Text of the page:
As temperatures drop, Philly water department steps up

A Philadelphia Water Department crew completed the fix of a water main break in South Philadelphia as the department steps up efforts to manage water main breaks during the winter. (Darryl Murphy/WHYY)

A Philadelphia Water Department crew completed the fix of a water main break in South Philadelphia as the department steps up efforts to manage water main breaks during the winter. (Darryl Murphy/WHYY)

January 2019 has brought far fewer water main breaks in Philadelphia than last year. However, temperatures plunging into the single digits are bound to cause breaks and extra work for the Philadelphia Water Department.

In South Philadelphia, water department workers repaired a broken water main Sunday as temperatures began to drop to below freezing.

Department spokesman John DiGiulio says the repair is part of a larger effort to be ready for the stress the cold temps bring.

He says cold water pulled from the Delaware River or the Schuylkill can overstress the city’s cast iron mains and cause a break. There were more than 360 water main breaks in January 2018 due to prolonged, extremely cold weather.

“We’re monitoring the situation,” he said. “We always keep track of water temperatures coming out of the rivers and going into the system.”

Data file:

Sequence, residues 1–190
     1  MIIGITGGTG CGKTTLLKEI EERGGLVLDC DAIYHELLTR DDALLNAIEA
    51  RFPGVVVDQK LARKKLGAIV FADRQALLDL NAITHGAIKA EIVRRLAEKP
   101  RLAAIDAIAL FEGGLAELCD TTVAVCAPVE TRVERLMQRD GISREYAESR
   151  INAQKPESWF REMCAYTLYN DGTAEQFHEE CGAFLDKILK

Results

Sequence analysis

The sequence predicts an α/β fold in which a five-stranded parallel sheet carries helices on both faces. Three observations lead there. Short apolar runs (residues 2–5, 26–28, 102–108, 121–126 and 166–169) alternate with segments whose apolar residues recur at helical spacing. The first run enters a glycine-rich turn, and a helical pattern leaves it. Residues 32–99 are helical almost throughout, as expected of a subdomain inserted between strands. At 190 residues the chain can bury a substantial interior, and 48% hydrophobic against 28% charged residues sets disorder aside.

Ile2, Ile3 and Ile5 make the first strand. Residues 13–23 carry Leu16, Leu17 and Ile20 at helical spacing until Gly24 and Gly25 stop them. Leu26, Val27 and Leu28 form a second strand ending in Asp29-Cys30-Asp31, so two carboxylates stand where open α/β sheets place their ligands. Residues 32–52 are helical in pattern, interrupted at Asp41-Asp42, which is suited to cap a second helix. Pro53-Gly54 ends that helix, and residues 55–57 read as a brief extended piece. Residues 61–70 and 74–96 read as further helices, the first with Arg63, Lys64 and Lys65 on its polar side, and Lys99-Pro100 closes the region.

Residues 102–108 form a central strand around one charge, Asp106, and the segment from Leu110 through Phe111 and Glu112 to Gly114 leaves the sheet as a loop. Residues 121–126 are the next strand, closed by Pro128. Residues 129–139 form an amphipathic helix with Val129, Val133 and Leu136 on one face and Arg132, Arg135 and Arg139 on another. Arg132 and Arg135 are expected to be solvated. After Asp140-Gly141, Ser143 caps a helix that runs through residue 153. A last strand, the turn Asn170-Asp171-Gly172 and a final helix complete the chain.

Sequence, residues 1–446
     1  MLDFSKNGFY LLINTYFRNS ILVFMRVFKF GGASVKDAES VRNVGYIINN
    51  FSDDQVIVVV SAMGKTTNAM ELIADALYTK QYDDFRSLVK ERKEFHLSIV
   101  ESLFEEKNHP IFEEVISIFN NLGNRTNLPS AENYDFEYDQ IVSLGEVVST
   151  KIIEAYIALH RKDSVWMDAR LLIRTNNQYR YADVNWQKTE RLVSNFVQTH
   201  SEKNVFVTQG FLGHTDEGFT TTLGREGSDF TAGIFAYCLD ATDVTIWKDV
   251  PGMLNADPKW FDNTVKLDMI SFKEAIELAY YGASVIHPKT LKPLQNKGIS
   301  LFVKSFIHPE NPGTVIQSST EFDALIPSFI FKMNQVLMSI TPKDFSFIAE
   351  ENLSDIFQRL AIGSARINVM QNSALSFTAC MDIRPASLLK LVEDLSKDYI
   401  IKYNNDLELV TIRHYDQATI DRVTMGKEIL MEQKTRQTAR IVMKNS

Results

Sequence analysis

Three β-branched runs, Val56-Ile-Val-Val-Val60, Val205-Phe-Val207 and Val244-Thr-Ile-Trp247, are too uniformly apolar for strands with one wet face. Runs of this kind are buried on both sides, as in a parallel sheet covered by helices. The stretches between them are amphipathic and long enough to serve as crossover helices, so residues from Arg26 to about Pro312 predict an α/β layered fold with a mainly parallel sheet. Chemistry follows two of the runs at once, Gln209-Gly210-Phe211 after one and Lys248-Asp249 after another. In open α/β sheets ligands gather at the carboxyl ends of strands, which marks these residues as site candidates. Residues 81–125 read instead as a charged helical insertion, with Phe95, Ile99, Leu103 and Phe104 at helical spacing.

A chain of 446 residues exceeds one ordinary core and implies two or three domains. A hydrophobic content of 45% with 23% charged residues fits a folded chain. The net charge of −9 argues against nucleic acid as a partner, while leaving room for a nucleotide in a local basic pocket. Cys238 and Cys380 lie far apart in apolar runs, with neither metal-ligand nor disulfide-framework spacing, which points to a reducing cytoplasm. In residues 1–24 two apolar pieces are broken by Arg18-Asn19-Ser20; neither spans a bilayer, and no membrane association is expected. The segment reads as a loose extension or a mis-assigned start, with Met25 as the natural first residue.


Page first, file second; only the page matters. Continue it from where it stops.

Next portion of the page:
This month, DiGiulio estimates there have been around 40 water main breaks.

“Hopefully it stays that way,” he said. “We don’t have the brutal winter ahead of us and we’ll see how things go. But the water department will be ready. We’ll be staffing appropriately to address [breaks] as they come in.”

The water department has switched over to its winter schedule. Crews now work 12 hour days, six days a week, to keep up with repairs and to be able to respond to breaks more quickly.  

Last year’s influx of busted mains overtaxed the crews, said DiGiulio. They had to extend shifts from 12 to 16 hours, sometimes longer. In three months last winter, more than 700 water mains burst.

“This winter thankfully has not been as bad for water main breaks,” he said. “We’re nowhere near the number we saw last January. But I don’t want to jinx it because we just haven’t had the bitter, bitter cold that we experienced last year for such a prolonged period of time.”

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